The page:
General conference special: A shift of heart

Missionaries converted Ed “Big Daddy” Roth to The Church of Jesus Christ of Latter-Day Saints later in life, and he moved to Manti because it was quiet and had a temple. (Steve Symkoviak, KSL-TV)



Estimated read time: 1-2 minutes

SALT LAKE CITY — If you own a T-shirt with a design on it, you have Ed "Big Daddy" Roth to thank for it. He was in Southern California in the early hot rod days, doing custom graphics and pin striping.

He would airbrush jackets for car clubs and started making monster designs on them. In Southern California, it's often too hot for jackets, so he started painting designs on T-shirts, which were considered underwear at the time and not worn outside. Demand was too high for airbrushing, so he started mass screen printing them.

Roth created the character "Rat Fink" as a counter to Mickey Mouse. Ed was a good guy, but also ran with tough crowds. He created crazy custom cars that became model kits for kids in the '60s and '70s. Revell Model Company gave him the nickname "Big Daddy." These models helped inspire the guy who designs modern Corvettes.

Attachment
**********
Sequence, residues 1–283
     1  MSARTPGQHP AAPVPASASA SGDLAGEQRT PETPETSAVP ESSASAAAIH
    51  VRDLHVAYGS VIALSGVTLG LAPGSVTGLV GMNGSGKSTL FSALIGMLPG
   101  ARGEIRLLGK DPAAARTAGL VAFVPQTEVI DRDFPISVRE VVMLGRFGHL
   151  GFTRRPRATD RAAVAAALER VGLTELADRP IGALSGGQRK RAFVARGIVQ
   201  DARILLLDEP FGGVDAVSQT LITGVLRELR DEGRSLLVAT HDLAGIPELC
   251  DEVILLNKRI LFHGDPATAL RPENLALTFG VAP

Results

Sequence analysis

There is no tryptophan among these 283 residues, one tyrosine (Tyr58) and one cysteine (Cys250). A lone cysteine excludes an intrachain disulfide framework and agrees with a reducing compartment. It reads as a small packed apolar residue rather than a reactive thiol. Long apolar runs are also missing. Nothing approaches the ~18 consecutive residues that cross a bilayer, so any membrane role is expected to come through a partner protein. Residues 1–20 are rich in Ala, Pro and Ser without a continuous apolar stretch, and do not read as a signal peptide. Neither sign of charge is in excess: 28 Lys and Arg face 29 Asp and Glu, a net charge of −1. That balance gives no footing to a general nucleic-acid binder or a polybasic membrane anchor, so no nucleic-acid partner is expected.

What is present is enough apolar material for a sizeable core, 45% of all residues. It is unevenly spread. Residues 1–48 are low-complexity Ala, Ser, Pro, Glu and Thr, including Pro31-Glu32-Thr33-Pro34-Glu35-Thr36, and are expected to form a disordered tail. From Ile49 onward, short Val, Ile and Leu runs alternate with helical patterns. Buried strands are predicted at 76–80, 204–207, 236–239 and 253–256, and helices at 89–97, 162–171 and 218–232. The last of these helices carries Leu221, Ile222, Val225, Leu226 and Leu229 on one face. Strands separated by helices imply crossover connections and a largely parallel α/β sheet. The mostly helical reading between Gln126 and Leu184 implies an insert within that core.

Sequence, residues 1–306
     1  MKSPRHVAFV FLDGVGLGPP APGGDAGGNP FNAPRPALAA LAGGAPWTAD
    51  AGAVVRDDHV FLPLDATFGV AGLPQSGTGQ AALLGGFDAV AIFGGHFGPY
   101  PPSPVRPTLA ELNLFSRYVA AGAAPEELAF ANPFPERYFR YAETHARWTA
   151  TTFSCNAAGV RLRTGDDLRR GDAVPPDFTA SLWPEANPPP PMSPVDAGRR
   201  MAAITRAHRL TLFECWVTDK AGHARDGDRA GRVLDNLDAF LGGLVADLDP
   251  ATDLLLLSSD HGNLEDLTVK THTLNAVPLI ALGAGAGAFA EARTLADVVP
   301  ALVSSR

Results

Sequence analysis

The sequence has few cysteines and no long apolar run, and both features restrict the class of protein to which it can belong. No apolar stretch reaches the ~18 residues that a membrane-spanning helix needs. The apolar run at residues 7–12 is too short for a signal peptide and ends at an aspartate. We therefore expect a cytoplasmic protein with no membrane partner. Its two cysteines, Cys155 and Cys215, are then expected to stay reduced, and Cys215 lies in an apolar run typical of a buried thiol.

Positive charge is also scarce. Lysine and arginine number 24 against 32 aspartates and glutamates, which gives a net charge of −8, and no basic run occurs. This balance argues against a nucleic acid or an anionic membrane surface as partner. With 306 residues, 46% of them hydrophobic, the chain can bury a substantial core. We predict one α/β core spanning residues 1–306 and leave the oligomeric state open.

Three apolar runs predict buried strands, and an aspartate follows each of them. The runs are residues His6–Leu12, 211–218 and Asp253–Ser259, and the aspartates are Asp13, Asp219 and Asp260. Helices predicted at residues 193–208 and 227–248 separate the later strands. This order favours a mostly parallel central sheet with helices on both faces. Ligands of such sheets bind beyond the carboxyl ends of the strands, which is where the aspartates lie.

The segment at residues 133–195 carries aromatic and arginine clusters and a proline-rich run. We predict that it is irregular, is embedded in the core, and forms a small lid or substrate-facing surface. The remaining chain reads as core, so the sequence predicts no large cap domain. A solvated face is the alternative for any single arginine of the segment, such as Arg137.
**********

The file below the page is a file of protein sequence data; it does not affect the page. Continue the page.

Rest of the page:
Missionaries converted Roth to The Church of Jesus Christ of Latter-Day Saints later in life, and he moved to Manti because it was quiet and had a temple. He died in 2001, and every year since then, his widow hosts a Rat Fink Reunion in Manti the first weekend in June. Finksters come from all over the world to carry on the automotive art and Roth's legacy.

Dan Rascon

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